Lit Chicks December Read | The Duke’s Holiday by Maggie Fenton 💕

Hi Friends! 

I hope your December is magical and peaceful. If you celebrate Christmas, then Merry Christmas! If you celebrate anything else then I wish you a joyous season! Woo!

Carla and I are back with a Regency-era romance this month and we must say it was uniquely entertaining. It’s an old-timey romance with all the trimmings: an uber smart heroine, a stuck up duke (he changes we promise), a creepy villain, and endless hijinx.

Enjoy friends!


Merry Bookmas!


Hello my wonderful bookish friends!

I hope you are all having a magical holiday that is hopefully stress-free. For myself, it’s been a bit of both; juggling multiple responsibilities like work (but why?), finding the perfect thoughtful gifts for the special someones in my life while dodging everyone in the mall (thank goodness for the internet), and making time to read all the books!

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*phew* *wipes sweat*

I have to admit, I’ve been a little MIA the past few weeks with all of that and more going on, but never fear you are all (whoever you are out there) still in my heart! I have a bunch of wonderful projects, reviews, and trips planned for 2019 and I can’t wait to share them with you!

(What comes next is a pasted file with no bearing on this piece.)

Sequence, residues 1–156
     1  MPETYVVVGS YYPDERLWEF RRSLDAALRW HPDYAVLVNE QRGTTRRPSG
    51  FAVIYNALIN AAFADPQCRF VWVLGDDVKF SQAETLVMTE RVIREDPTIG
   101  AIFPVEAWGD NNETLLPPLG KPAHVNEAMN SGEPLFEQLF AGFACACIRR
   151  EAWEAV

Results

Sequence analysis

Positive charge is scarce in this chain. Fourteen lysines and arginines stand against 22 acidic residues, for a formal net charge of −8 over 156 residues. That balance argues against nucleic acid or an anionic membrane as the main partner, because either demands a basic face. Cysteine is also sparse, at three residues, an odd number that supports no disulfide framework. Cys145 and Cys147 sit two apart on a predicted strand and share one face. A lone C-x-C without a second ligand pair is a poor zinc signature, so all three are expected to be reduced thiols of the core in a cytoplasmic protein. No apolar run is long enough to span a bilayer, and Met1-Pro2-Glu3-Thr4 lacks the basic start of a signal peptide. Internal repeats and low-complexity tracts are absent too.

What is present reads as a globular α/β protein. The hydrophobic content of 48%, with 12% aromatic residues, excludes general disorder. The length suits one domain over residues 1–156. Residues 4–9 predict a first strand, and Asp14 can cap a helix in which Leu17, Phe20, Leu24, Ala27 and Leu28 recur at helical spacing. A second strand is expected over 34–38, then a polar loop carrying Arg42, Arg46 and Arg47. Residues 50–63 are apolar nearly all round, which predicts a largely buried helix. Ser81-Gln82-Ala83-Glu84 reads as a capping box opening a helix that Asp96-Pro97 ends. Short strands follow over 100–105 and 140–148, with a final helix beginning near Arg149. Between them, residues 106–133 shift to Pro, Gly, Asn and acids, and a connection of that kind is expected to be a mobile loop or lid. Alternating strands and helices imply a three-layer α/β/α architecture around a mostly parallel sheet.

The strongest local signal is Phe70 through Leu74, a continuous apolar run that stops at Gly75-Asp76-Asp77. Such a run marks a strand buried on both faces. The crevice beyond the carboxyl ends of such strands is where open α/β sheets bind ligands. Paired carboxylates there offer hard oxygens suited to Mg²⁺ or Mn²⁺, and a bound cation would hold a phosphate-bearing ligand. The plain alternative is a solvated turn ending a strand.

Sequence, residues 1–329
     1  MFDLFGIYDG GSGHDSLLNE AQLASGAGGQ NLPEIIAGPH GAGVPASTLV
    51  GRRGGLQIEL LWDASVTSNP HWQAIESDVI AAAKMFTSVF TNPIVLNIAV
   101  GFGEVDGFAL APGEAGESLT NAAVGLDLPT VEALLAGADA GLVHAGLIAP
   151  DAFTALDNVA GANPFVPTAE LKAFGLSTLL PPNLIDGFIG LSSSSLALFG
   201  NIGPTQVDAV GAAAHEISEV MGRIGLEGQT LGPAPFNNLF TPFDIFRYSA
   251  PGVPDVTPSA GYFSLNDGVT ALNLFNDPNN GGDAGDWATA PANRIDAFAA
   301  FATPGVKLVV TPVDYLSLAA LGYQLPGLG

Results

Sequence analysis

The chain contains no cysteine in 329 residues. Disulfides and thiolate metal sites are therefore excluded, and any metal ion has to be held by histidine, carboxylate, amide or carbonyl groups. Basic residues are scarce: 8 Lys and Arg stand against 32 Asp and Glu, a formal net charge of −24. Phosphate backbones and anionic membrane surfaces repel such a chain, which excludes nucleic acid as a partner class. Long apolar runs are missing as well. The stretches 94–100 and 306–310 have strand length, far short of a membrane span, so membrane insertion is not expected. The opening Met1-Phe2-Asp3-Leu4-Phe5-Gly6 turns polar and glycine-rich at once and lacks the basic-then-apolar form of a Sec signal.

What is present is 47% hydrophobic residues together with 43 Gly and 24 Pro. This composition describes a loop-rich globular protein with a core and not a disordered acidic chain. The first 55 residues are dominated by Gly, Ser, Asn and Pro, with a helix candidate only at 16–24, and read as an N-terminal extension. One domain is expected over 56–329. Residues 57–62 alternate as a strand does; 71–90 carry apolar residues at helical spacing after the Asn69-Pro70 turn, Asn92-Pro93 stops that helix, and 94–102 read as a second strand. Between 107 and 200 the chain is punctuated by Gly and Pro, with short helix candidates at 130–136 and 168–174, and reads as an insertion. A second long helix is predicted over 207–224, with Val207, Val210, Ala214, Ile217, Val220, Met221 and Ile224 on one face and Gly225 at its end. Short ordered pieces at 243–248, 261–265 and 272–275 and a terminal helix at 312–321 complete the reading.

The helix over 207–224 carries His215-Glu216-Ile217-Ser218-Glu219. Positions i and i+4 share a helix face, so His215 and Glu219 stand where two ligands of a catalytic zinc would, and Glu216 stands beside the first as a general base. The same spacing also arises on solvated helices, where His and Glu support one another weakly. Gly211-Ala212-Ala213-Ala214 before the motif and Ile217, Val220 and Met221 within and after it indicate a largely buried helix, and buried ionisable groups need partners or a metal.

Stay tuned next week for:

📚 Book Reviews (a lot of them)

💕 Lit Chicks December Pick Video (If you haven’t started reading go go go! A Duke’s Holiday!)

🎇 2018 Top Books!

✏️ And perhaps an article or two!

Thank you to all who have read the books I’ve reviewed and recommended! As always reach out if you want to book gossip with me!

Have a beautiful, magical, and miraculous season my friends.



Lit Chicks November Read | Maybe In Another Life by Taylor Jenkins Reid 💕

Hi Friends!

We hope your Thanksgiving was full of love, gratefulness, and food! And if none of those are up your alley (we totally get it), we hope that it was filled with tons of good books (or Netflix)!

Carla and I know that some of you are probably running around getting started on your Christmas shopping and others might still be in a state of stupor after eating tons of food. Whatever state you are in, how about you take a break and have some fun with us while we discuss Maybe In Another Life by Taylor Jenkins Reid! Enjoy!